c. 2000 BCE
Found in demolition sales yard, Mecca, 2012
I once adorned the gates of the Qu’reishi tribe, one of the main entrances of the Grand Mosque. For each first family of Mecca has its own gate. I was placed there lest anyone forget who it was who made this site sacred, worthy, great.
The Qu’reishi are the most important of all. Descendants of the Ottomans, they belonged to the holy place even before the Ashraf. They were merchants there, controlling Mecca and the Ka’aba, before even the Prophet appeared. Whilst the mosque is round, making all men equal, and whilst each door has a name, mine is the most important of all. It is the Qu’reishi who decide the next name to be added every fifty years or so, when a new door is built to welcome our pilgrims. Without them, the holy site would never have survived.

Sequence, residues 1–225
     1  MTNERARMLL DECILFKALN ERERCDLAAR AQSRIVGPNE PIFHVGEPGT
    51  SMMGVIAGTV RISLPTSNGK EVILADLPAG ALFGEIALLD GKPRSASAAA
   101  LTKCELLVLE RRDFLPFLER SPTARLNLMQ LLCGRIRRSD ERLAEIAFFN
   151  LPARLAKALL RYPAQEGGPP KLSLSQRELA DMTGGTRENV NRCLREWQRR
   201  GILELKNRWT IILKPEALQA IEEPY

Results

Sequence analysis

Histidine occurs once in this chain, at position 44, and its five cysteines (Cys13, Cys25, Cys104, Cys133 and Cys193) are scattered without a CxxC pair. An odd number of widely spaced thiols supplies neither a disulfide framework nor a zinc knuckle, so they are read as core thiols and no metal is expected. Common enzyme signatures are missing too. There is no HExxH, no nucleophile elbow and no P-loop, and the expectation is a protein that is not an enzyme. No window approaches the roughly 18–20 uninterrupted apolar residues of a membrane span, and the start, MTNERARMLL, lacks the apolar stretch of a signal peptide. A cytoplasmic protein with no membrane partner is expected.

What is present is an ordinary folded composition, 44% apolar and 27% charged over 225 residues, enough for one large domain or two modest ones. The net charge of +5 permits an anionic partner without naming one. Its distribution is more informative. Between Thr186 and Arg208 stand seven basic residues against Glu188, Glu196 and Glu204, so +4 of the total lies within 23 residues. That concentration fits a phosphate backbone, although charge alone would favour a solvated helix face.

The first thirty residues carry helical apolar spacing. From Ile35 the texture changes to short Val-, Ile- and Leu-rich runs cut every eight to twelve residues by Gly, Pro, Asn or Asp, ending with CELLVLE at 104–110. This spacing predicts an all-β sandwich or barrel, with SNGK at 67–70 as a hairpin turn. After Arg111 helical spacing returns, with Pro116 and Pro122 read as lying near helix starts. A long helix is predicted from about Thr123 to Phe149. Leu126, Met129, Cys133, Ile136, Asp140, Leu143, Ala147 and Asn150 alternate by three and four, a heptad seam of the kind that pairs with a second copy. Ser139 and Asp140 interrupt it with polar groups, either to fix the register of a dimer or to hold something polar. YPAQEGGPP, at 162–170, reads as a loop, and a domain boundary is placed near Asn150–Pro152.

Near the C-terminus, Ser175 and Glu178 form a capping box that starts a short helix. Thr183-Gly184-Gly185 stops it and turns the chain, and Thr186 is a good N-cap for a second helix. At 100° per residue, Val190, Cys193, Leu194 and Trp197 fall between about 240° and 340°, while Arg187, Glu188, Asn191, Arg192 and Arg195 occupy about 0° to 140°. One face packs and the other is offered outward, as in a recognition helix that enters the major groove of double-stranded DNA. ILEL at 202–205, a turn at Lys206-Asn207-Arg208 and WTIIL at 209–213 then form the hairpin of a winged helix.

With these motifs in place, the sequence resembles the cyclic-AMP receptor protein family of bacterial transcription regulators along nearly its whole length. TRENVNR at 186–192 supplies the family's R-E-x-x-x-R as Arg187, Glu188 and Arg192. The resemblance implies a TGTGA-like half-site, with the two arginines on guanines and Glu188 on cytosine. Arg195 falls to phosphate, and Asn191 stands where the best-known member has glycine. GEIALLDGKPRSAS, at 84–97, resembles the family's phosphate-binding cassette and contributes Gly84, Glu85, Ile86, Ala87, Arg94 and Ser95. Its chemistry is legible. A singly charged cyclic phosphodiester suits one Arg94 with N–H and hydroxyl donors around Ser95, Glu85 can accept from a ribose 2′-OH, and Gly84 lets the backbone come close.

This work transcends the objects. Ultimately, what I’m working with isn’t only the artefacts themselves, but the stories attached to them. For me, each tale is the manifestation of the object, and each object is a tangible materialisation of an underlying narrative. The work finds its equilibrium somewhere between the stories and chronology they’re chaptered into, the objects becoming knots or points along the timeline, woven into stories as part of the language of this artwork. Each story draws out a tale that intends to trigger imagination and memory, mixing fact with fiction, with the ultimate aim of straddling, conflating and confusing fixed notions of history to open up the unofficial histories that shape the character of place and memory. Ahmed Mater2014